EBA publishes second interim report on the consistency of risk-weighted assets in the banking book of EU banks
05 August 2013
The European Banking Authority (EBA) released today its second interim report on the regulatory consistency of risk-weighted assets (RWAs) for credit risk in the banking book. This report illustrates the outcomes of the next stage in the EBA's review into RWA consistency in sovereigns, institutions and large corporate exposures, generally referred to as low default portfolios (LDP). The aim was to identify and further understand the sources of any material differences in RWA outcomes for portfolios which are specifically challenging for the banks due to limited availability of data. This analysis is closely aligned with the global work of the Basel Committee which recently released the results of their report.
Outcome of the LDP review
Following the first top down analysis which identified the most obvious drivers of differences, this comparative analysis, conducted with a benchmarking portfolio exercise, found relevant differences in:
The study also identified the existence of discrepancies in the ways of computing maturity parameters, the Credit Conversion Factor (CCF) parameters applied for calculating the exposure at default (EAD) and banks' reporting practices.
Moreover, the report noted that banks' choices or supervisory requests to apply minimum PDs, LGDs or add-ons to the risk weights computed with the internal models could create challenges in comparing the outcomes.
Policy options and actions
While some differences in risk weights are foreseen in the Basel II regulatory framework when using internal models, some inconsistencies appear driven by bank and supervisory practices that require further analysis. The EBA will address some of these unwarranted variations through the development of regulatory and implementing technical standards, as mandated by the Capital Requirement Regulation (CRR).
Four areas have been identified where additional efforts and work are needed:
Commenting on this review, Andrea Enria, Chairperson of the EBA, said: "This is an important step in a series of exercises the EBA is conducting with the aim of ensuring consistency in the calculation of RWAs across the EU. Some National Supervisory Authorities are already taking actions based on the outcomes of this work. The EBA will provide appropriate disclosure of RWA-related information and coordinate further work to restore market confidence in risk sensitive measures of capital adequacy."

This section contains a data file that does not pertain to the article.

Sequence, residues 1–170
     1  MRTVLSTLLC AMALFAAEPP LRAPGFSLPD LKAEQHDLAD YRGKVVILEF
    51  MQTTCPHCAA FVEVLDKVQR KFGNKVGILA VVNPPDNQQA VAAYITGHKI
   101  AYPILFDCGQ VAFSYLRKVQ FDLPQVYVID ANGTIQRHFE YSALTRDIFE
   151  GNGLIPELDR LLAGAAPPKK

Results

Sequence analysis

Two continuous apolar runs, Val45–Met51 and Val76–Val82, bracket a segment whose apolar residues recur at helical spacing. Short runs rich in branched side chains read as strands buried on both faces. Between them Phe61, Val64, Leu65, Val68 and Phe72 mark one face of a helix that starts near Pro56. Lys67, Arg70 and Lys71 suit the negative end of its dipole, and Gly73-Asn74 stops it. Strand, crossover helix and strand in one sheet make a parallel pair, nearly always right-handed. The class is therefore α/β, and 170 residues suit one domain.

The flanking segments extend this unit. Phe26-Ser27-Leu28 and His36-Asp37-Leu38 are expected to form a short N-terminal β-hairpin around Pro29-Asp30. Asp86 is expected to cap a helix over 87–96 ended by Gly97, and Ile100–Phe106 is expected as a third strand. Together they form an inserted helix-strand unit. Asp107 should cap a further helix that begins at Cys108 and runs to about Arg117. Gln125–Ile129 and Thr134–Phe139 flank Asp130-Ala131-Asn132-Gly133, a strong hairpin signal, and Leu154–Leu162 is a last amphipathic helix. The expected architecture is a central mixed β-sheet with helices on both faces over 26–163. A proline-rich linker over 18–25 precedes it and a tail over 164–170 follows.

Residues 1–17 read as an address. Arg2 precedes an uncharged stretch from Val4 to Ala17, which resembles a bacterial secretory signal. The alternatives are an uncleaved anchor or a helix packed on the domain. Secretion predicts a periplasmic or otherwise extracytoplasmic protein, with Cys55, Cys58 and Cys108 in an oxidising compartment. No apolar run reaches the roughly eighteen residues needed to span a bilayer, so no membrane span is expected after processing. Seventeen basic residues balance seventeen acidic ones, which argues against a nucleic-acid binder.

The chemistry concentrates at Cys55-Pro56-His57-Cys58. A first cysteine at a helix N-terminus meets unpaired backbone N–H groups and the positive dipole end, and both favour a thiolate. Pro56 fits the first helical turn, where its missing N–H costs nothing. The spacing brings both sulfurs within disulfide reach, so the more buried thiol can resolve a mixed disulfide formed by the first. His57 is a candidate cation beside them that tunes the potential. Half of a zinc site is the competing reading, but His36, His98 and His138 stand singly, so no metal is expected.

By the end of 2013, the EBA is expected to finalise a market risk benchmarking exercise on the trading book and to publish a review of risk weights for SMEs and residential mortgages.
Methodology underlying the LDP review
The review of LDP portfolios is based on a Hypothetical Portfolio Exercise (HPE) that the EBA carried out in the second half of 2012. The exercise involved 35 banks from 13 EU countries using the Internal Ratings-Based (IRB) approach.
The HPE was designed to allow a direct comparison of the IRB parameters - probabilities of default ( PDs) and loss given defaults (LGDs) - and the resulting risk weights on a set of common counterparties which would be assuming senior and unsecured exposures (hypothetical exposures). Banks participating in the exercise were also asked to report the real risk weights and expected losses applied to the same set of counterparties (real exposures). This comparative analysis between hypothetical and real portfolio exposures allowed the EBA to examine the impact of the maturity and credit risk mitigation of the exposures.
The HPE was complemented with important qualitative information as well as with bilateral interviews conducted with a selected sample of 12 banks, which allowed the EBA to gain a deeper insight into key practices that have a bearing on the outcome of banks' IRB models. In addition, data were also collected on parameters and risk weights for the overall wholesale exposures (sovereigns, institutions, large corporate and other corporate).
Franca Rosa Congiu
Ian Edward Palombi
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